The sordid saga of Chris Brown and Rihanna has captivated audiences since 2009, when news of Brown's assault of his then-girlfriend was splashed across the cover of every tabloid. After three years apart, the couple appear to have all but fully reconciled, releasing a duet entitled "Nobodies Business" on Rihanna's new album, attending concerts together and even kissing each other during televised award shows.
The two pop stars' penchant for social media has contributed to the drama. Both Brown, 23, and Rihanna, 24, are active on Twitter and Instagram, instantly opening up direct access to their personal lives. Want to check what Rihanna's doing at 10:30 P.M. on a Saturday night? Turns out she's snapping photos of Brown, shirtless, hunched over an unmade bed. The photo is deliberately provocative; we are seduced into letting our imaginations run wild.
Their message is loud and clear: leave us alone, we are probably back together, this is nobody's business but our own, even if we can't stop sharing visual evidence with the world. And yet we just can't seem to look away. Everybody has an opinion: from Jay-Z, who reportedly warned Brown never to harm his protegé again, to Jenny Johnson, the female comedian who picked a Twitter fight with Brown last week. Brown-Rihanna stories on this website and others regularly draw hundreds of comments. So as much as Rihanna and Brown appear to be obsessed with each other, what exactly is the nature of our obsession with them?
We interviewed a panel of relationship therapists and experts who could offer insight into the matter: psychologist Lisa Firestone, Ph.D, marriage therapist Sheri Meyers, Psy. D and relationship expert Gilda Carle, Ph. D. While each had differing opinions about Rihanna's psychological profile, they unanimously agreed that, when it came to Brown, the best thing we can do is to let this whole thing go.
What offends us so deeply about Rihanna and Chris Brown potentially getting back together?
GC: It’s very, very difficult for the public to understand why anybody would want to go back into the lion’s den. As a responsible public rubbernecking into their lives, we feel for her. We feel that if she pushes his buttons again, he has not gotten the necessary wherewithal to channel his anger in a productive way. We don’t want to see a repeat of what we saw before.
LF: It does echo something -- if not the most extreme physical violence, the kind of back-and-forth dynamic. Even for people who aren't fans of the music. It's so predictable. They keep engaging in this cycle. Part of the outrage is the helplessness of being the bystander and watching it. Part of being the bystander is that we encourage it by being part of the crowd.
SM: From my research and from my own personal gut feeling, he’s an abuser. He abused her, he smashed her face in. The reality of celebrityhood is that we get to step out of our life. My grandmother used to watch soap operas. It changed with Ashton Kutcher and Demi Moore, when he started sharing pictures of her in the bathroom. We get an inside view. Our expectations have grown. There’s something about the drama of these lives that tap into our own dramas. These are the modern Greek dramas.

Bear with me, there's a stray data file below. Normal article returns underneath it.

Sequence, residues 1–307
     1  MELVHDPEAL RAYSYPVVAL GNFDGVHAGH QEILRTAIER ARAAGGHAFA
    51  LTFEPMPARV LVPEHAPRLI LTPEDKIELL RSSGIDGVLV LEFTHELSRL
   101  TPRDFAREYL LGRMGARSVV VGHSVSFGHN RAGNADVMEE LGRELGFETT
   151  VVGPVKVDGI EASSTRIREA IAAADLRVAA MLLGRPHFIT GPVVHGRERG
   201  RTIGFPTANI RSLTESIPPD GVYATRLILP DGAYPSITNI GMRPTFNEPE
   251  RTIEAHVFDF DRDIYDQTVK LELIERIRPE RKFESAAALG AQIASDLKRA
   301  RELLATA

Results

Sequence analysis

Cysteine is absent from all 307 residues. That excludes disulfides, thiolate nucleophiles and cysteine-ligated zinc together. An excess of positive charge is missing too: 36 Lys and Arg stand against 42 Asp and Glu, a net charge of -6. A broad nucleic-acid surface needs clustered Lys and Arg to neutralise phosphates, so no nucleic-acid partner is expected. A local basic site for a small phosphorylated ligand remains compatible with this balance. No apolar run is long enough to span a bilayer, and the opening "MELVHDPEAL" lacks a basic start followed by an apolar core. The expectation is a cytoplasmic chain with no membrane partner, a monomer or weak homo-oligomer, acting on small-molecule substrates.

What is the first piece of advice you would give Rihanna if she came to your office seeking help?
LF: My piece of advice is about the past and why she's recreating it anyway. I believe people who are going to take a beating as an adult -- not when it happens one time and the person leaves, but when a person gets stuck -- has to do with her experience growing up with mother and father.
SM: This is what I want to say to her, “Girlfriend, snap out of it. You gotta wake up.” [Make] sure he proves his answers to these questions: What has he done to change? What can he do now? Has he truly taken responsibility for what happened? Does he have a plan of action for the future?
GC: I would say, "How do you feel about him?" The answer would be "I love him." The next question is, "What do you love about him?" We would have to take apart what love means for Rihanna. Nobody knows how she saw love expressed as a little girl.
We all want Chris Brown to manage his behavior, in both his personal and public life. Can we do anything to help? Is giving him more media attention somehow stoking the fire?
GC: When you positively reinforce a bad behavior, that makes it worse. When you negatively reinforce a bad behavior, that’s better but still has its problems. The best thing to do when you’re modifying behavior is to let it go, ignore it. If he could emulate a role model of somebody who can respond rather than react, how many other young people would he be saving? That would be my Christmas wish for him. He’s got a huge following. There’s so much anger out there. They’re hooking onto the anger. But all he has to do is turn that around.
LF: Obviously [talking about Rihanna is] a trigger for him. For whatever reason he feels threatened, that's his perception of it. That's making him react. With a child, when we label him as bad, we keep on expecting bad behavior and we end up getting it. Chris, whereas he's not a child, behaves like that.
SM: You focus on growth. The more negative attention he gets for being an asshole, the more that’s going to grow. So really, as fans, good luck with this. When you take attention away, the behavior diminishes. What he’s really calling out for is healing. We’re trying to work it out, let us be. At some point in time, we do have to let them go. They’re grown-ups. They’re choosing their path. We’ve screamed enough. Let’s stop giving them attention. All of our screaming is giving them more attention. Even if for Rihanna’s safety.